Stevens “made no doubts about that when he sent us to class the week of the Final Four. Who’s going to send their kids to school that week? That’s just who he was, and who he wanted us to be. That’s still amazing to me.
“I didn’t go to class [the Monday of the 2010 national championship game against Duke in Lucas Oil Stadium]. I did take a test but it was a concussion test. I was still trying to get cleared, and fortunately I passed the test. But there were guys who went to class. When I think about that, it blows my mind. It had to be counterproductive; think about those teachers trying to teach a class and having that distraction in the class. But it was something important to coach.
“I guess I got it three times, but a couple of those guys are a lot smarter than I am. That’s why I know a lot of basketball goes into that as well. I’ve met some guys that are incredibly smart and their team just wasn’t relevant. I’ve always had some kind of pullback from that. I can say for an absolute fact the stuff that A.J. and Drew were doing was on another level of intelligence.”
GORDON HAYWARD, a star for the 2010 Final Four and a computer engineer major, is now with the Utah Jazz.
“We always talked about grades and we had a sheet on our locker about where you had to be as a team GPA. We had high-character guys that were good in the classroom. I think that stuff carries over to the court.
“When you have guys who are focused in the classroom, it means they are going to be focused on the details on the court. We weren’t the most athletic, we weren’t the most talented team, but we were really good in situations and we were really good defensively because we really focused on the details.”
RONALD NORED played in two Final Fours, and was an Academic All-American in 2012 as an education major. He now is an assistant coach at Northern Kentucky University.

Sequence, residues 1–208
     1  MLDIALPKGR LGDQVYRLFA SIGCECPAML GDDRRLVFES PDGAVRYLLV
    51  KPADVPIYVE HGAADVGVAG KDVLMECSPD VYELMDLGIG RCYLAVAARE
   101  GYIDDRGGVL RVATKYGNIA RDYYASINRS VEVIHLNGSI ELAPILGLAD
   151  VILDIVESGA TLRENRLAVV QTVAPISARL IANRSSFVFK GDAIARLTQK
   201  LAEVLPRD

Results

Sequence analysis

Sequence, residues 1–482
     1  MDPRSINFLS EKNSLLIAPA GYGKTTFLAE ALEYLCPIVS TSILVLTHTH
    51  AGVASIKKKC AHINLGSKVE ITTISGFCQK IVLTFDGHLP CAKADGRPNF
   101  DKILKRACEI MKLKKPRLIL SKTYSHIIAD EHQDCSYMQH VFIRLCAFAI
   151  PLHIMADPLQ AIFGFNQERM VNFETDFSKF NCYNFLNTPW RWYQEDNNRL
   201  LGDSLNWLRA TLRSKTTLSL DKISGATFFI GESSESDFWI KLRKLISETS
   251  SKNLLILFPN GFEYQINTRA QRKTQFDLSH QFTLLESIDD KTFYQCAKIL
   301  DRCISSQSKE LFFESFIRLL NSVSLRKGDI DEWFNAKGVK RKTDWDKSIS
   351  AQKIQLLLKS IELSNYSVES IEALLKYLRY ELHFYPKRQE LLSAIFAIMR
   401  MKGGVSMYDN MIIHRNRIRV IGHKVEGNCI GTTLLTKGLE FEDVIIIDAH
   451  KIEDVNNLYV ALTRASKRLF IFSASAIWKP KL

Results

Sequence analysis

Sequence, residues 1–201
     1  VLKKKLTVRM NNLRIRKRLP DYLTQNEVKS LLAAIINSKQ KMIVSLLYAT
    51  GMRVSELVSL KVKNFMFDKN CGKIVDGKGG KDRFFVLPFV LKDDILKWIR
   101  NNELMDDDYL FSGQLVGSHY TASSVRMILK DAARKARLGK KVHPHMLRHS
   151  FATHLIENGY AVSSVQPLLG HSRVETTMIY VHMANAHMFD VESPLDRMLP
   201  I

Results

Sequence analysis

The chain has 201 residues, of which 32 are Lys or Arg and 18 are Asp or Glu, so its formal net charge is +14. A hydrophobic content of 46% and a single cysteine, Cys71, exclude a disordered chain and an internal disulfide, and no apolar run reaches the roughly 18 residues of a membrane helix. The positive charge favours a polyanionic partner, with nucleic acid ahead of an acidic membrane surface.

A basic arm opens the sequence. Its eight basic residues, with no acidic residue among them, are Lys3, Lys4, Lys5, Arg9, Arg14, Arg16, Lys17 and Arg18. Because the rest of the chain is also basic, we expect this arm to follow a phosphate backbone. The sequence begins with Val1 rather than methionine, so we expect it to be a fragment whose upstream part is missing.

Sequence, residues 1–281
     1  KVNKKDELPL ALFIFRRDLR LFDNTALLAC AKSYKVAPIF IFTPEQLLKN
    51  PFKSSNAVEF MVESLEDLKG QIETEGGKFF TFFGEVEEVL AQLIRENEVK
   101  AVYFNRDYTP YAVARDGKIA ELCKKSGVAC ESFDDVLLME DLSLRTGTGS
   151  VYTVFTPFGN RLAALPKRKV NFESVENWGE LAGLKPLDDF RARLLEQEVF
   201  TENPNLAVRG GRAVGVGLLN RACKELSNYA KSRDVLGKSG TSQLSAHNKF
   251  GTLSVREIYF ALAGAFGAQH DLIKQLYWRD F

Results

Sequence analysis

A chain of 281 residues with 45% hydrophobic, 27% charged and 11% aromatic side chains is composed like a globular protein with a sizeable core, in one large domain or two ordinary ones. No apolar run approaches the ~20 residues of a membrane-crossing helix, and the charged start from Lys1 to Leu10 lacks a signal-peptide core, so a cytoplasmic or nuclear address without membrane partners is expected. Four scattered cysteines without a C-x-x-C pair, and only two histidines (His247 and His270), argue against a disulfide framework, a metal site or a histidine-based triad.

“I didn’t even know the process of it. The first time I ever heard about it was when they told me I was on the team.
“You put us all together, it gave us an opportunity to think at a high level from a basketball standpoint, because we had certain values that lent [themselves] to being locked in in pressure situations, and being confident in our ability to think. In the NCAA Tournament, you’re not practicing a lot. You’re really thinking more than anything else. And we had a pretty high-level-thinking coach as well. All that intertwined together resulted in a lot of good.”
ANDREW SMITH was next in line, in 2013, majoring in finance. He died in January at 25, after a long battle with cancer. This from his widow, Samantha:
“Andrew seldom talked about himself and his many accolades, so he didn’t talk about this award often, but I know it meant a great deal to him. He was an extremely goal-oriented person and I think this honor was something he strived for and used as motivation in the classroom.
“As Andrew’s wifeand widow, it means a lot to me that people know how well-rounded of a person Andrew was. His name will go down as one of the Butler greats, but he also worked hard in the classroom. He beat cancer. Many say he lost the battle, but that’s simply not true; the battle was just over. Andrew beat the heck out of cancer and I was and am so proud to have done that alongside him.”
ALEX BARLOW knew he wanted to join the line. He made it in 2015, in finance, and is now on Stevens’ Boston Celtics staff.
“For me personally, it was really important. Off the court, that was probably one of my main goals, just because it shows you’re not only committed to your team and your own on-court performance, but it shows your commitment to be better off the court and show you’re a multi-dimensional person.
“My junior year was the first year in a while that we didn’t have an Academic-All-American, and I took that a little personal, because I felt like it was my responsibility that year to keep the streak going.”
No Bulldog is on the short list of Academic All-American candidates this season, but the guess is, it won’t be long until the next one. This is Butler.•
Lopresti is a lifelong resident of Richmond and a graduate of Ball State University. He was a columnist for USA Today and Gannett newspapers for 31 years; he covered 34 Final Fours, 30 Super Bowls, 32 World Series and 16 Olympics. His column appears weekly. He can be reached at firstname.lastname@example.org.